organizations find wide variations in system
utilization: some applications (for example, retail
shopping) are seasonal; other applications (for
example, training applications) run for a short
period of time before being shut down; others
are simply unpredictable. The cloud addresses
this variability (shown in Figure 1-1) perfectly via
its “pay for what you use” model.
4 C H A P T E R 1 | The cloud, efficiency, and innovation
Figure 1-1: Common application utilization models
(It is worth mentioning that in the on-premises
datacenter, the maximum utilization must be
planned for and provisioned, which is financially
far more inefficient than in the cloud.)
But, there is more to it. Operating in the cloud
frees enterprises of the mundane tasks of system
backup, network maintenance, patches, and
software upgrades, because the cloud provider
can handle these in their entirety. The cloud
provider in turn is heavily incented to utilize and
5 C H A P T E R 1 | The cloud, efficiency, and innovation
in many cases pioneer best practices for system
maintenance; the benefits are then passed to the
customer.
Moreover, cloud providers such as Microsoft can
achieve economies of scale by buying hardware
in massive bulk, tens of thousands of servers at a
time, for example. Very large datacenters hosting
public clouds can also achieve economies in
purchasing other resources; cloud datacenters
pay only a quarter of the average cost of
electricity in the United States. Figure 1-2 shows
how overall total cost of ownership (TCO) per
server declines dramatically at scale.
Figure 1-2: Economies of scale in the cloud
6 C H A P T E R 1 | The cloud, efficiency, and innovation
These savings can, and are, passed on to
customers of the cloud service.
1
Indeed,
although an IT department can certainly create a
private (internal) cloud of a thousand or so
servers, using the public cloud can result in
savings up to ten times!
2
Later, we will discuss how IT departments can
quantify the savings they can expect to achieve
by adopting cloud computing.
Perhaps most important, the cloud is not an
“either/or” proposition. It is certainly possible,
and indeed in many cases desirable, to leave
some applications running in a local, traditional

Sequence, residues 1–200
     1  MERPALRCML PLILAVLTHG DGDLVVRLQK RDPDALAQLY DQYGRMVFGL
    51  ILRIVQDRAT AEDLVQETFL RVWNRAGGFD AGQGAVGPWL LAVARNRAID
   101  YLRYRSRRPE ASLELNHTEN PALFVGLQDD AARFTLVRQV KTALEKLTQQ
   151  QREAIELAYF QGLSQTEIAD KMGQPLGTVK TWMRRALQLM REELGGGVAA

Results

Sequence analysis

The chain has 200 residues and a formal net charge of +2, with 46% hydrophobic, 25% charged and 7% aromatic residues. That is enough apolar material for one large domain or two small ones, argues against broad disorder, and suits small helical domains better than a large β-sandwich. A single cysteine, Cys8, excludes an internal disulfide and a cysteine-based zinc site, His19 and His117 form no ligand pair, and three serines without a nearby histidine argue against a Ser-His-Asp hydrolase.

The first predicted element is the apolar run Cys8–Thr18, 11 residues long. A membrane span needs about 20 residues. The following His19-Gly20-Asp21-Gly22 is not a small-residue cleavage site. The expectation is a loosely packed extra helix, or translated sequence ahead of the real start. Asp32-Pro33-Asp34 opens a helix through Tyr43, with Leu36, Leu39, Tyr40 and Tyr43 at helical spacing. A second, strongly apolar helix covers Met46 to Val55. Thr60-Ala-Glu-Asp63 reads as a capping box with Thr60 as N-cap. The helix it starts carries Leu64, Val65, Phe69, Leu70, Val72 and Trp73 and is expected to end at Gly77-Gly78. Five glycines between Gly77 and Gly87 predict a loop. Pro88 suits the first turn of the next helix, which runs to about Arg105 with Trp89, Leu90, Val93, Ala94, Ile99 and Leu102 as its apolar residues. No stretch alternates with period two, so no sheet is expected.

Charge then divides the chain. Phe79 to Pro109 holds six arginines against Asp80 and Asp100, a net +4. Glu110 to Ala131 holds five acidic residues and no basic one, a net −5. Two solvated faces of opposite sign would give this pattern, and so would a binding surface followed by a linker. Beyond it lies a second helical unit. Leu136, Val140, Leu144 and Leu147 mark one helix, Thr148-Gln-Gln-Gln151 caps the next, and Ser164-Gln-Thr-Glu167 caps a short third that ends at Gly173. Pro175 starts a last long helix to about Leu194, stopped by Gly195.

datacenter while others are migrated to the
cloud. Providers such as Microsoft have made
huge investments in this hybrid cloud model that
securely connects applications in the cloud to
those remaining in a customer’s datacenter.
1
See “Economics of the Cloud” at
http://news.microsoft.com/download/archived/presski
ts/cloud/docs/TheEconomics-of-the-Cloud.pdf
2
John Rex, CFO Microsoft North America, analyst
presentation
7 C H A P T E R 1 | The cloud, efficiency, and innovation
Daily efficiencies
After there is an on-demand computing service
available, all sorts of other efficiencies become
possible. For example, systems devoted to
development and application testing often
constitute a large cost area for IT departments,
yet in the end do not actually provide any direct
value to end users. With the cloud, developers
and testers can quickly allocate cloud-based
resources, use them for their work, and then free
them up when done. Similarly, with the vast,
capacious amounts of cheap storage available in
the cloud, data backup to the cloud, and across
multiple geographies if desired, becomes a
straightforward and inexpensive function. We
will cover more of these in the course of the
book.
Innovation
Of course, at the end of the day, the goal of any
enterprise strategy is to create competitive
differentiation and advantage, and little doubt
remains that IT has become a key element in
modern strategy. IT now drives transformative
innovation, enabling enterprises to compete
more effectively by instantiating processes that
deliver ongoing competitive advantage.
8 C H A P T E R 1 | The cloud, efficiency, and innovation
As we will see, the emergence of a global
computing cloud heralds the arrival of entirely
new classes of innovation across applications
and markets. Indeed, such new forms of
innovation can actually transform an
organization, and a business.
Transformational innovation drives a different
culture and mindset than most organizations
currently have. Affecting both IT and the
leadership of the enterprise as a whole, this
culture requires a close alignment between IT
and business leadership.
In the next few pages, we will examine a number
of case studies from various global companies,
all of which have reaped rewards by their use of
the cloud. The first, Telenor, shows how even a
simple migration of on-premises applications
can make it possible for it to be far more cost-
effective in its operations. The second, Aviva,
demonstrates how an insurance company used
mobile phones and the cloud to create an
innovative approach to dynamic insurance
pricing. In a third case study, 3M Parking
Systems opted for a cloud-based solution when
it needed a way to track its thousands of devices
in the field. Lastly, the beverage giant Heineken
chose the cloud as a way to deliver a global
media campaign tied in with the release of a
9 C H A P T E R 1 | The cloud, efficiency, and innovation
major motion picture, and the following year,
with major sporting events.
Telenor
The Telenor Group is a Norwegian
telecommunications company with worldwide
operations serving almost 150 million mobile
subscribers. To modernize its intranet and